Huzaifa Rasheed

Huzaifa Rasheed

Software Engineer



Posted on March 28, 2021

Repost of

For those of you already familiar with the SOLID Design Principles, this won’t be much of a new thing. For newbies however

SOLID are 5 software development principles or guidelines based on Object-Oriented design making it easier for you to make your projects scalable and maintainable.

They are more like best practices rather than a rule.


The S in SOLID.

It says

A class should have one, and only one reason to change.

The goal is to separate behaviors or concerns. Everything has its own place and it should be placed there.


  1. Make smaller code modules (class/function etc)
  2. Module does a specific thing only and is liable for that only.
  3. It is named precisely for what it does.

As opposed to Large Generic classes with different responsibilities and behaviors.

This pattern can be seen in other SOLID principles like Interface Segregation where we focus on making role-specific interfaces.


Let’s say we are saving a random user’s data to some database. This is what we would normally do inside a function(pseudocode-ish).

function createUser(userData){
    // 1. validate user data for email and password keys
    // 2. check if the email is already registered

    // 3. save the user to DB 

    // 4. return saved user as a response

With the SINGLE RESPONSIBILITY approach we will make dedicated functions that would handle specific logic and be responsible for it only

function validateUser(user){
    // will validate userObject for email and password keys

function isEmailRegistered(email){
    // will check if the email is already taken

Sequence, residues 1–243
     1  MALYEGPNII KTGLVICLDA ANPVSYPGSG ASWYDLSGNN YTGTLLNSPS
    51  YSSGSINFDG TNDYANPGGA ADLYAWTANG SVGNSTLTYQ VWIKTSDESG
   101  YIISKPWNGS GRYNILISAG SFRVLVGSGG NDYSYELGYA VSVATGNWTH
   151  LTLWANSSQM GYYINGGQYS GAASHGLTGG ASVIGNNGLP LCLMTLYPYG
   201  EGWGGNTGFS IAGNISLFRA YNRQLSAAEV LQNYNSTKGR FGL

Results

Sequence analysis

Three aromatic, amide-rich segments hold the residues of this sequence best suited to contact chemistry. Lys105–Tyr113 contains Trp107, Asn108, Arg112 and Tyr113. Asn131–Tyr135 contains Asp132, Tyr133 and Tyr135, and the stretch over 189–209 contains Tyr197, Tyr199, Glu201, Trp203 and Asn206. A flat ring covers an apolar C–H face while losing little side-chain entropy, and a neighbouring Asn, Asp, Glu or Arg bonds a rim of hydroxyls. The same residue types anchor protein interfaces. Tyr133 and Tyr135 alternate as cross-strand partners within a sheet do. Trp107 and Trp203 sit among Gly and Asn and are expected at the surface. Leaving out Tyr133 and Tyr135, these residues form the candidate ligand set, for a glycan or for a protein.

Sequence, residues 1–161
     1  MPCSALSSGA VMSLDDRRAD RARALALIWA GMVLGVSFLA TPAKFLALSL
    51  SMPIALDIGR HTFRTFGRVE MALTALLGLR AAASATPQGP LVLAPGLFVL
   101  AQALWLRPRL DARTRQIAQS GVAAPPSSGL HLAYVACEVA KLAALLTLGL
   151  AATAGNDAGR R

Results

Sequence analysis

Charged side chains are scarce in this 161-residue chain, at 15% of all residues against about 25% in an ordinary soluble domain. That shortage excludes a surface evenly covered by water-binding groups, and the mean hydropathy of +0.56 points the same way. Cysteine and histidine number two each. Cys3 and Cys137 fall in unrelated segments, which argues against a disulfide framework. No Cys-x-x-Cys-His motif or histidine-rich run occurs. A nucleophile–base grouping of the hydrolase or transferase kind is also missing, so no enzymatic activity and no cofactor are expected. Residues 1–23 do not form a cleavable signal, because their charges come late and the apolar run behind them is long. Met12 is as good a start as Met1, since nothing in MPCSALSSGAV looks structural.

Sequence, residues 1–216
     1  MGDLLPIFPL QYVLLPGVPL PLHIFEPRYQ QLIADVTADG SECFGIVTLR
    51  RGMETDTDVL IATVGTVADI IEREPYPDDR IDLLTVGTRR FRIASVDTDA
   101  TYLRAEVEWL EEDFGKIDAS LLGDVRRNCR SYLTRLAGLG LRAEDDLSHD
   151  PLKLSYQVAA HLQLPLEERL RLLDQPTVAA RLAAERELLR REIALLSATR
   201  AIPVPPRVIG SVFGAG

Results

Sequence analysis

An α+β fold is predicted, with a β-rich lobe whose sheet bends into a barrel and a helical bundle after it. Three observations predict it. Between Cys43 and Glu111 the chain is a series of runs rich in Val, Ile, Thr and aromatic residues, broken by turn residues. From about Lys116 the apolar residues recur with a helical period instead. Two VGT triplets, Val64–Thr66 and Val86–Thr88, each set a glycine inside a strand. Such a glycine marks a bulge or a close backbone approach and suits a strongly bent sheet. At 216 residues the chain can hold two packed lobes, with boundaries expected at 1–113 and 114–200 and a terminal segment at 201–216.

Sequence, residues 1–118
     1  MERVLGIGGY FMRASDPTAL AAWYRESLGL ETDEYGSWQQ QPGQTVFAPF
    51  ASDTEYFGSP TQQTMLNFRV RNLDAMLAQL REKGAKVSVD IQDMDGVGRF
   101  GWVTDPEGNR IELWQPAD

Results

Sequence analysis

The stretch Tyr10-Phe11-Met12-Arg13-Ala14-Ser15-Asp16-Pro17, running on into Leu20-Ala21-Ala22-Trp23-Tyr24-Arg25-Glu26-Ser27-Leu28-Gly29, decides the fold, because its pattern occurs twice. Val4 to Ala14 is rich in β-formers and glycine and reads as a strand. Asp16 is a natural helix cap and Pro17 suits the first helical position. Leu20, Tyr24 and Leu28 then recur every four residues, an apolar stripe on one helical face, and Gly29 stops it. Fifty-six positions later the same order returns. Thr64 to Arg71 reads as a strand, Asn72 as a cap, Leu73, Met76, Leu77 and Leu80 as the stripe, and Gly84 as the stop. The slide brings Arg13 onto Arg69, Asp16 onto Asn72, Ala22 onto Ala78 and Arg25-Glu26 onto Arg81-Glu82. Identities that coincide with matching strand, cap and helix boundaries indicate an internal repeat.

function saveUserData(user){
    // will save user data to db

function createUser(userData){
      // throw some error here

    var user = saveUserData(userData)
    return user

This is a simple example but when dealing with multiple validations and complex logic this type of approach is really handy.


Consider these

  1. Easy to follow and Understand
  2. Debugging made easy
  3. Removing and refactoring is much simpler than before.
  4. You can make bigger changes without fear.
  5. It is scalable and maintainable

Also when there is a time you need-to/have-to/want-to/are-forced-to make changes and have followed SINGLE RESPONSIBILITY, then it will be much quick and easy.

What if you break something or there is a bug? Well, it is Easily traceable following this principle and if you break something, you break that one thing only, not an entire system.

Not to mention that this rule helps a lot in the implementation of other SOLID principles like Dependency Inversion and the Liskov Substitution Principle.


If you are someone that writes tests for their project then you would surely love this rule, it gives you predictable behavior and control.

Here it is guys, I hope I explained it in a simple and easy way. Do you use SOLID principles in your projects? Be sure to comment below.

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